With the rise in popularity of ink art, Charlotte Flatman from SVC Solutions asks if tattoos are still a taboo in the workplace and explains what an employee needs to know to avoid disagreements.
There was a time when tattoos were very rarely seen in the workplace. Certainly within the retail and hospitality sectors, there was a feeling that body art was in some way unsavoury and reflected badly on a brand.
At a job interview, there would certainly be a likelihood that visible tattoos would count against a possible candidate and there would be a similar interpretation for multiple piercings.
But attitudes towards body art have certainly shifted in recent years and government research has shown that while more than 59% of those aged 55 plus had a negative view of tattoos, this dropped to 21% among those aged from 18 to 24.
Just over a quarter of the British public have a tattoo and of these, 11% have at least one generally visible tattoo, whether this be on their head, face, neck, forearms, wrists or hands.
So should an employee still feel required to cover these up in the workplace? And where does an employer stand when it comes to their rights around tattoos?
Firstly, there is a no specific legislation that covers the area of tattoos within the context of employment law. The only exception to this is in cases where the content of the tattoo includes political or religious references which might cause offence.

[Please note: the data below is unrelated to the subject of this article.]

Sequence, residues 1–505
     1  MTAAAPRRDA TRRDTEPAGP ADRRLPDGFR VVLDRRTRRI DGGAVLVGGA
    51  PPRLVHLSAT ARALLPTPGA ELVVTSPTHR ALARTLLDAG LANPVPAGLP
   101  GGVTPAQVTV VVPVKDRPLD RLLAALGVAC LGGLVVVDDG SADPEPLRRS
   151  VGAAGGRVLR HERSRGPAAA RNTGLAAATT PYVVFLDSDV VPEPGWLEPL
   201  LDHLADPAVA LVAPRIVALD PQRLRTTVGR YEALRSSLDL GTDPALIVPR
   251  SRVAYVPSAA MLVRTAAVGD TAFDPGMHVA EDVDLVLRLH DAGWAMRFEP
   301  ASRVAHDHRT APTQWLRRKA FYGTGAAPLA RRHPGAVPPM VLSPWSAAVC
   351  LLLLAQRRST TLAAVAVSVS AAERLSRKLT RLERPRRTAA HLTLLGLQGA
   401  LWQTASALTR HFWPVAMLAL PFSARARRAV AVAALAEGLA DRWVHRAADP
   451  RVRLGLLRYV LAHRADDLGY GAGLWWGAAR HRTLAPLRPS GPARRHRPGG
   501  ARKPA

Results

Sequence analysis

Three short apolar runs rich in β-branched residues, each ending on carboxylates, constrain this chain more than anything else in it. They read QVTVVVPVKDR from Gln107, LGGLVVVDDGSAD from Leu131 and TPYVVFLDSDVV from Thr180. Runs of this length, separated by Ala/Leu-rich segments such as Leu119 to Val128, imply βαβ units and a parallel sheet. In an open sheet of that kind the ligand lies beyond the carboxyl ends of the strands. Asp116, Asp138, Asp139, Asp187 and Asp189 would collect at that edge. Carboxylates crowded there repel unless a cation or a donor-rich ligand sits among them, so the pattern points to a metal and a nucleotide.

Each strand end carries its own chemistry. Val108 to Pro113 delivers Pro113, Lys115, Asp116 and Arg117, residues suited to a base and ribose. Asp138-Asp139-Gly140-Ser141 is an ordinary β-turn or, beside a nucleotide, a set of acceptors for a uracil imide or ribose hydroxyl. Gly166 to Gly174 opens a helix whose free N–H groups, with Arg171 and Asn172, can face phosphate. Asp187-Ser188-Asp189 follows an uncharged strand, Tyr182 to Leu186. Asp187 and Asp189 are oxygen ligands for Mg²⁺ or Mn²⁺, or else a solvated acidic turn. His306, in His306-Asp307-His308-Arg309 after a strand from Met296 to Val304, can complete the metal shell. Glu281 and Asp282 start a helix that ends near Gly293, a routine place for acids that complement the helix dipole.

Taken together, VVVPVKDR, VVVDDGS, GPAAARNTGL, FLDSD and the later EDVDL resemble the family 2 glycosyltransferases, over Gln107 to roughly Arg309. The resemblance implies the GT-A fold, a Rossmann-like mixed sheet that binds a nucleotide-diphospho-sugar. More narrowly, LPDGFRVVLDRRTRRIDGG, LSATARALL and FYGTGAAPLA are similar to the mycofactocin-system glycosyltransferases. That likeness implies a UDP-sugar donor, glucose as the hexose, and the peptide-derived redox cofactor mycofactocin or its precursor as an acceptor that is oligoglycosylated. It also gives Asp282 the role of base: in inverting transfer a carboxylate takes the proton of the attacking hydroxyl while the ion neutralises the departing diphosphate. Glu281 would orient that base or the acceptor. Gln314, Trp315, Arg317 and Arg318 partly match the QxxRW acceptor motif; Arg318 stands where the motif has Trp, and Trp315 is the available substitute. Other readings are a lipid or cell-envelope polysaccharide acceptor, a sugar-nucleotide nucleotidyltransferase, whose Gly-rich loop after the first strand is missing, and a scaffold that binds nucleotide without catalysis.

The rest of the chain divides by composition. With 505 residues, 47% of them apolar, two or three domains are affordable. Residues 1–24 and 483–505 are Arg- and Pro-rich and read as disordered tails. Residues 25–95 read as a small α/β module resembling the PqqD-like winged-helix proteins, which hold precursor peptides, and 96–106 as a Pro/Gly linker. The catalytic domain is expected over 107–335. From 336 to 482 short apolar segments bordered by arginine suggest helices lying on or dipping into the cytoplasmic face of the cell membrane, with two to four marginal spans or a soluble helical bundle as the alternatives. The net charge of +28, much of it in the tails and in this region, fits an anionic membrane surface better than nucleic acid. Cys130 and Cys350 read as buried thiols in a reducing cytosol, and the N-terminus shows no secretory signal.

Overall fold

An employer does of course have the right to set out a clear dress code for employees to follow, and this can include requirements for visible piercings to be removed or for legs and arms to be covered.
However, don’t forget to consider that as employer there might also be a responsibility to over a more casual summer dress code in warmer weather and there is the possibility that this might change the visibility of an employee’s tattoo.
While an employee should be mindful to consider what is appropriate in their work setting, throughout the interview process, an employer must keep in mind that having a tattoo has no direct impact on a candidate’s ability to do their job.
What is most important is for an employer to remain transparent, fair and consistent with clear policies around these issues of staffing. If there are concerns that need to be raised and an understanding of what parameters are required, then these are conversations that should be had at the interview stage of the recruitment process.
If it’s an existing employee who adds body art or piercings to their appearance which contradicts an existing dress code, that becomes an issue to be addressed. Of course, in that scenario having a relevant and up to date dress code policy overseen by a qualified HR professional is essential for protecting the employer in the best possible way.